On January 31, 2017, singer/bassist John Wetton passed away at the age of 68 due to cancer. He had a career of over forty years in progressive rock music, playing with bands such as Family, King Crimson, Uriah Heep, U.K. and Asia, along with various collaborations and, of course, a glorious solo career. The news hit me hard at the time, as his impressive vocal range and unmistakable bass playing had always been to my liking. He is one of my absolute heroes.
His departure from Asia in 1992 gave him the opportunity to fully focus on his solo career. Although he had already released a solo album, “Caught In The Crossfire”,in 1980, it didn’t go beyond that at the time. The album discussed here, “Battle Lines”, from 1994, marks the actual beginning of his solo career, so technically, it is not a debut. Well, duh.
In terms of accessibility, “Battle Lines” follows the path of Asia, but that’s about it. Most of the compositions on the album belong to the top tier, such as the opener, Right Where I Wanted To Be. It is an exuberant track adorned with excellent guitar work by either Robert Fripp, Steve Lukather, or perhaps Michael Landau. It’s nowhere to be found who plays where, apologies. Right Where I Wanted To Be is one of the many songs Wetton co-wrote with American keyboardist Bob Marlette and that combination is pure gold.
In that regard, listen carefully to the title track, Battle Lines. It had been a staple during concerts for many years. The song has all the ingredients to be considered brilliant. Subdued verses alternate with bombastic choruses that are further enhanced later in the song with majestic grand piano playing. Crime Of Passion, co-written by John Young, is another standout track. The saxophone-infused song is a mixture of intensity and release, something every album can benefit from.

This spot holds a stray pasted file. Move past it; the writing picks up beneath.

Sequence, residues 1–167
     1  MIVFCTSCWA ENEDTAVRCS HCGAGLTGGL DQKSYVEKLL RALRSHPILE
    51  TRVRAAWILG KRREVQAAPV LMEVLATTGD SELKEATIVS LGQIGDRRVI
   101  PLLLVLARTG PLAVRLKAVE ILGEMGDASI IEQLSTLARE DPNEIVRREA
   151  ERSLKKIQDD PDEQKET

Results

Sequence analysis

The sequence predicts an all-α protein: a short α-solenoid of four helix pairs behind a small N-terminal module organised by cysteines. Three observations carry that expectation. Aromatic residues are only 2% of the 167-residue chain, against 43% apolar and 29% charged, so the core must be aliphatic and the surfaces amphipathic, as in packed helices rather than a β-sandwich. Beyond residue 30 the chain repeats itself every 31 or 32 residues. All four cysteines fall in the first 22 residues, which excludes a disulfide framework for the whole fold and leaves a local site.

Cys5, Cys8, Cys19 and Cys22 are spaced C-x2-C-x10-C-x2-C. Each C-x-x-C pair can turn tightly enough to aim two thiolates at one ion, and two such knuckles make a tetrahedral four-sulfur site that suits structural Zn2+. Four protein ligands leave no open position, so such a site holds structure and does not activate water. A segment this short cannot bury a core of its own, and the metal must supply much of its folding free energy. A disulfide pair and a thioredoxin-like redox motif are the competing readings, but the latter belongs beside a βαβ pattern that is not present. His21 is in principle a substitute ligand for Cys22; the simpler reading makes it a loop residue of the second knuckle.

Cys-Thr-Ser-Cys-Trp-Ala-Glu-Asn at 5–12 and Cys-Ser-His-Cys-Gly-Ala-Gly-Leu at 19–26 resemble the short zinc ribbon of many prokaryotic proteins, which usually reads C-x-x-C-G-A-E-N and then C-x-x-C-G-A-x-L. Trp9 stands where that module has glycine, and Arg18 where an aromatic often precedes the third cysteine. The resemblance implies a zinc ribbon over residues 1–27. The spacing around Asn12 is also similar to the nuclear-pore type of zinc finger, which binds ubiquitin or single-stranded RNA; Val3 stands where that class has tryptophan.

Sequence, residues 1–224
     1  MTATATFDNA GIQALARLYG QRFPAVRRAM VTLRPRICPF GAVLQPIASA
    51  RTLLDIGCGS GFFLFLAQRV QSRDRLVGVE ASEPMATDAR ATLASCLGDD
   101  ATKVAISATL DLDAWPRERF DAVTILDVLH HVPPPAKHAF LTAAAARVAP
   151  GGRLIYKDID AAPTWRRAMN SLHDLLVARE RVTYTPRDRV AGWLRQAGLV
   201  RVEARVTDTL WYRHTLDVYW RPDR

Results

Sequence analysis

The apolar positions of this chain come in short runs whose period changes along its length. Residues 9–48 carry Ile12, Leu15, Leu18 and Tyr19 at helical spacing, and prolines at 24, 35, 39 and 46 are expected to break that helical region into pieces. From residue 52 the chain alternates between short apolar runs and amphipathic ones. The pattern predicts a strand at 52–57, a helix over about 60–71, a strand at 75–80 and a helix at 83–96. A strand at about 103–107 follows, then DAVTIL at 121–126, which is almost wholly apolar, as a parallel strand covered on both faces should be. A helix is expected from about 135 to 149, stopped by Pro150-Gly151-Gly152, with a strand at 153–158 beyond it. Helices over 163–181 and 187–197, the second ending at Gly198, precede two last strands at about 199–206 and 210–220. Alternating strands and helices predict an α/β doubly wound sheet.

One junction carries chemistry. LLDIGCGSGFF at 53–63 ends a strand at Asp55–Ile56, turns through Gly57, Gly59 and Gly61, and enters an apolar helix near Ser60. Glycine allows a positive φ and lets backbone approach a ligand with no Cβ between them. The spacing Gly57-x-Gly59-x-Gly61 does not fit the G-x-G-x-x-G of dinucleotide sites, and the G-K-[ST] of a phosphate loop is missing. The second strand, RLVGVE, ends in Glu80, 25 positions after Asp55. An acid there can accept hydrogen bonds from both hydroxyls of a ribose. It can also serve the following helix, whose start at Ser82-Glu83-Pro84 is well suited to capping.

Other gems include Hold Me Now and You’re Not The Only One, ballads that are tailor-made for Wetton. His intense way of singing is incredibly fitting for the music. He exudes something natural that permeates the entire album, a charisma that instills confidence. Even in songs like Sand In My Hand, Sea Of Mercy and the drumless Walking On Air, he manages to draw you into the song. However, I don’t want to overlook the excellent contributions of his guests. The guitar work in Space And Time is truly sublime, most likely a highlight by Steve Lukather. In fact, there are constantly enjoyable elements to be heard, although it must be said that Jane, with its brass sounds, sounds very much like the ’80s.
With “Battle Lines” John Wetton created a fantastic starting point for his solo career. He subsequently released several more albums, each of which showcases unwavering quality.
© Dick van der Heijde 2023